Feedback or biofeedback to augment pelvic floor muscle training for urinary incontinence in women

Roselien Herderschee, E Jean C Hay-Smith, G Peter Herbison, Jan Paul Roovers, Maas Jan Heineman
Cochrane Database of Systematic Reviews 2011, (7): CD009252

BACKGROUND: Pelvic floor muscle training (PFMT) is an effective treatment for stress urinary incontinence in women. Whilst most of the PFMT trials have been done in women with stress urinary incontinence, there is also some trial evidence that PFMT is effective for urgency urinary incontinence and mixed urinary incontinence. Feedback or biofeedback are common adjuncts used along with PFMT to help teach a voluntary pelvic floor muscle contraction or to improve training performance.

OBJECTIVES: To determine whether feedback or biofeedback adds further benefit to PFMT for women with urinary incontinence.To compare the effectiveness of different forms of feedback or biofeedback.

SEARCH STRATEGY: We searched the Cochrane Incontinence Group Specialised Trials Register (searched 13 May 2010) and the reference lists of relevant articles.

SELECTION CRITERIA: Randomised or quasi-randomised trials in women with stress, urgency or mixed urinary incontinence (based on symptoms, signs or urodynamics). At least two arms of the trials included PFMT. In addition, at least one arm included verbal feedback or device-mediated biofeedback.

DATA COLLECTION AND ANALYSIS: Trials were independently assessed for eligibility and risk of bias. Data were extracted by two reviewers and cross-checked. Disagreements were resolved by discussion or the opinion of a third reviewer. Data analysis was conducted in accordance with the Cochrane Handbook for Systematic Reviews of Intervention (version 5.1.0). Analysis within subgroups was based on whether there was a difference in PFMT between the two arms that had been compared.

MAIN RESULTS: Twenty four trials involving 1583 women met the inclusion criteria; 17 trials contributed data to analysis for one of the primary outcomes. All trials contributed data to one or more of the secondary outcomes. Women who received biofeedback were significantly more likely to report that their urinary incontinence was cured or improved compared to those who received PFMT alone (risk ratio 0.75 , 95% confidence interval 0.66 to 0.86). However, it was common for women in the biofeedback arms to have more contact with the health professional than those in the non-biofeedback arms. Many trials were at moderate to high risk of bias, based on trial reports. There was much variety in the regimens proposed for adding feedback or biofeedback to PFMT alone, and it was often not clear what the actual intervention comprised or what the purpose of the intervention was.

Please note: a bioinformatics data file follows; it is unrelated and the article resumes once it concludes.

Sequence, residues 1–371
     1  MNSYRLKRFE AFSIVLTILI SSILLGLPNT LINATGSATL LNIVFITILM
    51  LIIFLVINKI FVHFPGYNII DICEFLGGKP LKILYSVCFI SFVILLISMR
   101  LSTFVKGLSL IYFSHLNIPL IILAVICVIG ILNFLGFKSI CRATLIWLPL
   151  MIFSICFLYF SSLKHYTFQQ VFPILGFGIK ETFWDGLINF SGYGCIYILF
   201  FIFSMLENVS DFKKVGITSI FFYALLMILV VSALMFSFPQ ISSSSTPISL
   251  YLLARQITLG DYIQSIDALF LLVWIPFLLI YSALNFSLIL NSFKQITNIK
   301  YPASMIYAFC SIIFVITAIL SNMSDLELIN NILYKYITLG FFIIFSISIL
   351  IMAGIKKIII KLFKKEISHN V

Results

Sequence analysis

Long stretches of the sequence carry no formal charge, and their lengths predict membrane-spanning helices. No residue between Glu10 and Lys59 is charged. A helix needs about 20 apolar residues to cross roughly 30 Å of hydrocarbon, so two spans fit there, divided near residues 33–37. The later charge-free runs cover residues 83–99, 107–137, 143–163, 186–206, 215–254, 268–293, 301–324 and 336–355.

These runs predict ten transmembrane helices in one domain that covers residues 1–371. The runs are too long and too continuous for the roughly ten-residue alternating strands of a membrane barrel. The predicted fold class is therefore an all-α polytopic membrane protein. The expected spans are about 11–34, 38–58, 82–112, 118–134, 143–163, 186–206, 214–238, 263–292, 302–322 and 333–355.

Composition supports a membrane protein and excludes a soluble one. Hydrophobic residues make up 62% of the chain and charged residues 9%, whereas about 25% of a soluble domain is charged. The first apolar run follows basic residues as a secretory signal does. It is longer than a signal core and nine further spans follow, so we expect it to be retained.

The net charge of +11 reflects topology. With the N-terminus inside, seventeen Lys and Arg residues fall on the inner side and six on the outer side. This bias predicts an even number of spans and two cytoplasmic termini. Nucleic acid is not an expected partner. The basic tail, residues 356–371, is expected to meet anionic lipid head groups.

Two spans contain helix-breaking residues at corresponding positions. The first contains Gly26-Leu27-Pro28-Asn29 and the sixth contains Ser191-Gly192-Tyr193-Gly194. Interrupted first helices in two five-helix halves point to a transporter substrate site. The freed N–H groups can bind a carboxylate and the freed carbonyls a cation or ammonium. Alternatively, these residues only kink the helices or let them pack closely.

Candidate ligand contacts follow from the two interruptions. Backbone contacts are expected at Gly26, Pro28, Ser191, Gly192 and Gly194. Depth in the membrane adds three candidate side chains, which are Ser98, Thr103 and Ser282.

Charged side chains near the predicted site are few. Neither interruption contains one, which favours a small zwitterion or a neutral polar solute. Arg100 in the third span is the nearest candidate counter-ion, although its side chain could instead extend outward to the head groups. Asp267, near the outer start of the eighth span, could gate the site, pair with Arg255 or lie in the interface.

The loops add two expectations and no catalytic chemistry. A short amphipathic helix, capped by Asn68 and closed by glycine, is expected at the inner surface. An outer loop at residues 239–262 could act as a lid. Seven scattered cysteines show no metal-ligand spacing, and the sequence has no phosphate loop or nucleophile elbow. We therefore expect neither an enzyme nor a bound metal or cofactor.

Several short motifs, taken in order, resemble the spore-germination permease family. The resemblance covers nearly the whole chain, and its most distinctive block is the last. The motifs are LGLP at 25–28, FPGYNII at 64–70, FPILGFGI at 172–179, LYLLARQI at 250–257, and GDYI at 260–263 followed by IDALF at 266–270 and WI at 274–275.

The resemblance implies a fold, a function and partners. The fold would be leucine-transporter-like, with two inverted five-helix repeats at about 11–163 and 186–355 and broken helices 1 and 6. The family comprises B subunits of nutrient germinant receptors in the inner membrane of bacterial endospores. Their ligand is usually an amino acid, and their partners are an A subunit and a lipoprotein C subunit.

AUTHORS' CONCLUSIONS: Feedback or biofeedback may provide benefit in addition to pelvic floor muscle training in women with urinary incontinence. However, further research is needed to differentiate whether it is the feedback or biofeedback that causes the beneficial effect or some other difference between the trial arms (such as more contact with health professionals).

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